Like Nobody’s Business
It is also important to consider how colleges spend their money. As shown in Figure 4, public two-year colleges spend the largest share of their total costs on teaching at 41 per cent. Not surprisingly, public four-year colleges spend a larger share on research and hospitals, each at 16 per cent of total expenditure, than public colleges. Variations in expenditure by sector reflect the differentiation of assignments as well as sources of funding.
Source: National Center for Education Statistics Overview of education statistics. Note: Student services include institutional advertising and marketing costs. Profit colleges tend to spend significantly more on marketing and advertising than their nonprofits, which is likely to skew spending data for this sector. 
Each state has a unique strategy for allocating resources to higher education, often by combining multiple approaches and evolving as political winds change. Government strategies usually include one or more of the following approaches: incremental financing, formula financing, and performance-based financing. In this section, we discuss these three primary approaches and discuss how government funding strategies take or do not take into account issues of adequacy, performance and equity.
For incremental funding, neither the initial level of approved funds nor the size of the annual percentage change in specific adequacy limits depends on the level of funding required to achieve certain results. In fact, because incremental funding formulas do not specifically address enrollment changes or other factors, this approach may result in institutions having less funding to spend per student, especially if the annual fixed percentage increase is insufficient. Furthermore, if the initial levels of funding were insufficient or unfair, these issues of adequacy and equity could easily continue without intervention. Incremental funding does not encourage the efficient use of institutional resources or reward specific performance indicators. Many states therefore combine an incremental funding approach with performance-based funding, for at least part of government funding.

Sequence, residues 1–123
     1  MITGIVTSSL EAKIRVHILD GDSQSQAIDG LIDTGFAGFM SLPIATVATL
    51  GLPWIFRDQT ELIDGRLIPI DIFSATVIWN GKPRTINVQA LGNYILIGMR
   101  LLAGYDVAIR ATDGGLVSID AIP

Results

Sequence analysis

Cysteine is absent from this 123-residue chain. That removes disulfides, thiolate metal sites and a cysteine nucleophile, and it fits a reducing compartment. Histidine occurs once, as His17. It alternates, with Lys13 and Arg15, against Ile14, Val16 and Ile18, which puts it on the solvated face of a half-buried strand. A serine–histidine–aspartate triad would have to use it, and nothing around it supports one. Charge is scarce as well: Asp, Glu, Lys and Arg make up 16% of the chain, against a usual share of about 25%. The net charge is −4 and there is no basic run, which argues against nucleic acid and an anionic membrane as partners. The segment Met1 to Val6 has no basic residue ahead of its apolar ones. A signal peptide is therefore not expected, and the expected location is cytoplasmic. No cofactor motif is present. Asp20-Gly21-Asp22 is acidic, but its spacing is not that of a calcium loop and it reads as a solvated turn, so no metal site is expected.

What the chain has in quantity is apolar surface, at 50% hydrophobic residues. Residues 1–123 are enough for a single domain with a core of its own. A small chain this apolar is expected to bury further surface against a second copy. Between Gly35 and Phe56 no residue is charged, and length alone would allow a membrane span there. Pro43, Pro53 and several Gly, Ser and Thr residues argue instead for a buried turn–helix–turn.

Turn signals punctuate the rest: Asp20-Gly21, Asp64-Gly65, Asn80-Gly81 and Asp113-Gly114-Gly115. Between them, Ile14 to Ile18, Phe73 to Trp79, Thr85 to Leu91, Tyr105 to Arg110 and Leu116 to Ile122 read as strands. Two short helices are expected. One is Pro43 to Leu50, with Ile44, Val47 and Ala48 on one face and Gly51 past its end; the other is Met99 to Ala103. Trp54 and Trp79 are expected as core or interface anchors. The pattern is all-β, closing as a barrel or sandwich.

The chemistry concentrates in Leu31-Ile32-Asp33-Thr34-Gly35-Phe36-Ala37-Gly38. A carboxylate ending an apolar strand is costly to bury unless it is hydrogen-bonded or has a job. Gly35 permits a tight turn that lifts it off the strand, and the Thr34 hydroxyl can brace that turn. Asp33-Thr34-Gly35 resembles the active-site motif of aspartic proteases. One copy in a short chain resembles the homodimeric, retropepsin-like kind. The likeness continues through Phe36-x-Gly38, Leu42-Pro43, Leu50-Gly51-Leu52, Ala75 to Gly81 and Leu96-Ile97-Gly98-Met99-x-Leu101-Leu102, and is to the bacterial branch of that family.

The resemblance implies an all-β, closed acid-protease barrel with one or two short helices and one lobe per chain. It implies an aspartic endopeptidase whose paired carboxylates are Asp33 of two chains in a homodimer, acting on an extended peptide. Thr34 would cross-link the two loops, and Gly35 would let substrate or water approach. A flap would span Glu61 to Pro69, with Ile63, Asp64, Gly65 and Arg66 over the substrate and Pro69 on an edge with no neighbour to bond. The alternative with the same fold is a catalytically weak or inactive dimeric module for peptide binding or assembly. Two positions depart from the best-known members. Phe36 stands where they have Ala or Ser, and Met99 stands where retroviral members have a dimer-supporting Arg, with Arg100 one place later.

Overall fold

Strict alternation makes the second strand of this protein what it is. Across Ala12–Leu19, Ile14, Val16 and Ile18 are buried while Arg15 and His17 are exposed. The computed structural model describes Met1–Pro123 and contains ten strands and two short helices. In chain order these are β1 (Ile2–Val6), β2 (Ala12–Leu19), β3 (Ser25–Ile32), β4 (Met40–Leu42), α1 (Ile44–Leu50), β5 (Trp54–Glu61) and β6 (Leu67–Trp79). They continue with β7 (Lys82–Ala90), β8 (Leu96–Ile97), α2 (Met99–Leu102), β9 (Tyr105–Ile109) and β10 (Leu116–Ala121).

Our Grants To The Schools
Like incremental funding, formula funding does not take into account the adequacy of the resources offered or take into account the success of the student or institution. A formula funding approach can take into account some aspects of equity by including the characteristics of students enrolled in the formula. However, if the different needs of different groups of students are not assessed over time, formulas can maintain funding inequality.
The spirit of the PBF is to encourage institutions to improve student performance – a commendable goal – but there is limited evidence that these incentives lead to the desired results.
However, there is significant evidence that PBF restricts access to under-represented students by encouraging institutions to enroll and retain students they believe are most likely to graduate. Thus, from an equity perspective, the PBF could potentially aggravate the equity gap rather than improve it. The extent to which the PBF assesses adequacy depends on the way in which the country implements the policy. For example, if a state combines PBF with a formal or incremental approach, then the state has determined that a minimum level of funding is required, but has not necessarily defined that amount as appropriate. In addition, some states have included capital premiums to limit unintended consequences and provide institutions with additional funding to serve historically underserved students.